You want to be a bit descriptive in your portfolio. I suggest dividing your work into chapters and have a little accompanying text about the project and what your brief and vision was. Don't write essays but talk about your technical skills, and what programs you use during the design process.


Include design related topics that inspire you.

If possible, include design related topics that inspire you, such as sustainability, LEED, current interior design trends, and empathy in design. It’s even better if you can include an example of how you incorporated these design trends into your own work.


Keep in mind, if your fantastic portfolio takes forever to load, or has very confusing navigation, it has missed its goal. It will not reach its intended audience. Simplicity is key. Test your portfolio and ask friends and family for feedback. It should be as easy to use as possible.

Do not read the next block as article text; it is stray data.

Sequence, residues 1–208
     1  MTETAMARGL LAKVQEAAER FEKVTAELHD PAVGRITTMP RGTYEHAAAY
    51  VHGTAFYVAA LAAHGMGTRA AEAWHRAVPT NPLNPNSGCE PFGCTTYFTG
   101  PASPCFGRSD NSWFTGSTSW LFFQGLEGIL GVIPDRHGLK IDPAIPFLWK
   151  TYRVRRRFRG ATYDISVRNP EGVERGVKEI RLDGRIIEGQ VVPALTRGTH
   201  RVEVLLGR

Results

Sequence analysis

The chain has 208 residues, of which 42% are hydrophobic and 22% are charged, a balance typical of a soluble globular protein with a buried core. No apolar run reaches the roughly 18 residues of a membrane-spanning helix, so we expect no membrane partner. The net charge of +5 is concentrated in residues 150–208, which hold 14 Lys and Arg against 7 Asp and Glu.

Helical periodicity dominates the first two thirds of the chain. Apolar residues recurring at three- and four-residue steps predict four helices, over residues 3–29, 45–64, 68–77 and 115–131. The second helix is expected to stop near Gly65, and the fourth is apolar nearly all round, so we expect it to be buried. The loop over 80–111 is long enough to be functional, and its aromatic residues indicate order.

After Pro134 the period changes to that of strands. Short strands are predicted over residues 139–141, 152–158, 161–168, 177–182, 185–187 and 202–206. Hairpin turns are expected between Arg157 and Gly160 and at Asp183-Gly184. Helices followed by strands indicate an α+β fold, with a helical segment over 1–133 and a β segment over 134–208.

2. Communicate with Intent: be Concise and Deliberate

Just because you have worked on very different design projects, doesn't mean you have to include them all. Your portfolio should only contain the body of work you're most proud of, fit your design style and show your capabilities in the very best light.


You might be hesitant to commit to a certain nice, and worry about missing out on design projects that require you to take a slightly different direction. However, specialising in a certain design direction doesn't mean you can change your aesthetic at a later stage. It also doesn’t mean that you can’t do other, more varied work. You do not want to confuse your audience however: keep the projects that do not fit your aesthetic out of your interior design portfolio.